According to the State Department, Secretary of State Pompeo announced that President Trump's administration will no longer suspend Title III. Effective May 2, the right to bring an action under Title III of the Libertad Act will be implemented in full. According to CBS, the Cuban Liberty and Democratic Solidarity Act, also known as Libertad was passed in 1996. Title III of the act was suspended in hopes it would put pressure on Cuba to shift more rapidly to democracy. It has been more than 22 years that the Cuban Americans and Americans have been waiting for justice and the right to file suit against Cuba for confiscated property and assets by the Castro regime.

The 22-year wait

President Trump and his administration live in today's world and it is very clear that Cuba has not changed its behavior in the last 22 years. The Cuban government continues to repress its people, keeping them from basic freedoms and holds them back from achieving their dreams. Secretary Pompeo noted that the Cuban government embraces the Communist Party as its only political party and anyone who opposes it in any way gets harassed, beaten, and/or detained. Cuba's dictatorship threats the security and stability of other countries in the region, as well as our own. An example of this is their involvement in Venezuela, as their military intelligence and state security services support keeping the failed Maduro regime in power.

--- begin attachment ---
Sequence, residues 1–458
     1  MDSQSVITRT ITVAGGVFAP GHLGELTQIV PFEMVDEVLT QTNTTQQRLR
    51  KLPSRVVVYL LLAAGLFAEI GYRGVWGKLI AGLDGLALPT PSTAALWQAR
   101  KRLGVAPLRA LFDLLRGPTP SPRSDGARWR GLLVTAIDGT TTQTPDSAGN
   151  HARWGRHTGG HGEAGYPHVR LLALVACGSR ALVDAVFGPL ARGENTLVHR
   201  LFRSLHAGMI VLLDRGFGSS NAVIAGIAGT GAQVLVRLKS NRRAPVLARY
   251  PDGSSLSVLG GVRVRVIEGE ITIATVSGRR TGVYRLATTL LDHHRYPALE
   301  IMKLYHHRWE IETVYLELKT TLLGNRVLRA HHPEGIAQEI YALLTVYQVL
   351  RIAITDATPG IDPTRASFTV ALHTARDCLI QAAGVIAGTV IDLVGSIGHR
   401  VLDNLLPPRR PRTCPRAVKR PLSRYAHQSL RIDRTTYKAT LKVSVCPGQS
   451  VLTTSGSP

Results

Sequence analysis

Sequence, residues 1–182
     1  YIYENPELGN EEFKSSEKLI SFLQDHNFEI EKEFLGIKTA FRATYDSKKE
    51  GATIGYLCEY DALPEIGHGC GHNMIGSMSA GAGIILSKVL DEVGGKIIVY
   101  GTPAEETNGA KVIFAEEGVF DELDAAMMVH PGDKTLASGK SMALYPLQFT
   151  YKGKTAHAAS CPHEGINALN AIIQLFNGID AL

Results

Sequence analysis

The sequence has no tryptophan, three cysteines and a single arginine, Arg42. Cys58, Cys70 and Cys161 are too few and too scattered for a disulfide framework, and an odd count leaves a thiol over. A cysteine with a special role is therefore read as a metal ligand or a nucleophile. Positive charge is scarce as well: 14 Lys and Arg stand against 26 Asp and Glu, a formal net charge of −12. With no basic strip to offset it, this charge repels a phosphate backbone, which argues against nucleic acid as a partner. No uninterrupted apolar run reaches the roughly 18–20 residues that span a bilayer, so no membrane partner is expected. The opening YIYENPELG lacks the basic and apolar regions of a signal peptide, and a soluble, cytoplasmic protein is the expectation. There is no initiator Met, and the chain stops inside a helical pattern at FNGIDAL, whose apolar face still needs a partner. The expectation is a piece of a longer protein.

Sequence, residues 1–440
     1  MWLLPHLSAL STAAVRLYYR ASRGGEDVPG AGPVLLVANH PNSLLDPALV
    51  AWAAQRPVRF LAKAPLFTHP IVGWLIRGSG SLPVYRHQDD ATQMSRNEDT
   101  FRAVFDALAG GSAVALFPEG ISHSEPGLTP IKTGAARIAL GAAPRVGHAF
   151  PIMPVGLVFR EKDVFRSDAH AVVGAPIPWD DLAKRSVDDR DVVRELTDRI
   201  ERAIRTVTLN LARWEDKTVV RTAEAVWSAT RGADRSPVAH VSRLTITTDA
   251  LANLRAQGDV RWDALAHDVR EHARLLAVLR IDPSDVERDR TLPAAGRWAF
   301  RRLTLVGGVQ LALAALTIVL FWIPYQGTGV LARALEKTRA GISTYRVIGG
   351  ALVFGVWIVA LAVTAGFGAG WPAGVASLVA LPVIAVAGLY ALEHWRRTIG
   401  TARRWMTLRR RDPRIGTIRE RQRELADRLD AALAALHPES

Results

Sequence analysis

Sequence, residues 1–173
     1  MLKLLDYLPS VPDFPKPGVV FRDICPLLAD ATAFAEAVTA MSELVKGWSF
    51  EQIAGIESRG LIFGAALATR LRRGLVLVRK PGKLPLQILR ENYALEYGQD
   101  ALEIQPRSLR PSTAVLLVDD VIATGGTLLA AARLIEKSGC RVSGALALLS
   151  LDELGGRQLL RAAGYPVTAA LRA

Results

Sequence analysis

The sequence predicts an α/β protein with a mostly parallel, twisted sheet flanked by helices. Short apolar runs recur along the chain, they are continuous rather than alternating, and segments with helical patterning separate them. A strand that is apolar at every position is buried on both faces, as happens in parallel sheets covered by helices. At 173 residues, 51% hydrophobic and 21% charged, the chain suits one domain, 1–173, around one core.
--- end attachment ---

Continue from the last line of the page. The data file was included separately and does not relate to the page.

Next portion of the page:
Title III lawsuits

By lifting the suspension on Title III the Cuban Americans and Americans will have a chance for long-awaited justice and the relief of compensation on property seized during the Castro regime. It will enable the filing of lawsuits for the first time against those who seized property and robbed assets during Castro's rule.

Secretary Pompeo added that persons or companies doing business in Cuba not only could be connected to property stolen unrightfully but could very well be encouraging Cuba's abuse of their own people. He encourages friends and allies to stand with the Cuban people and join the United States in advancing human rights, openness and good government.

Cuba policy changes

National Security Adviser John Bolton announced; according to CBS, just hours after Secretary Pompeo announcement on Wednesday, that the Department of the Treasury made regulatory changes to the limits on the amount of remittances Cuban families in the United States could send back to Cuba. The new limit is $1,000 per person per quarter. He also stated that the United States will further impose restrictions on “non-family” travel to Cuba, in order to cut tourism money Americans spend in Cuba. This is not the first time President Trump changed policies concerning Cuba. In 2017, restrictions were placed on business and personal travel to Cuba. Also at that time, the administration listed about 180 businesses in Cuba that were barred from doing business with United States citizens and companies.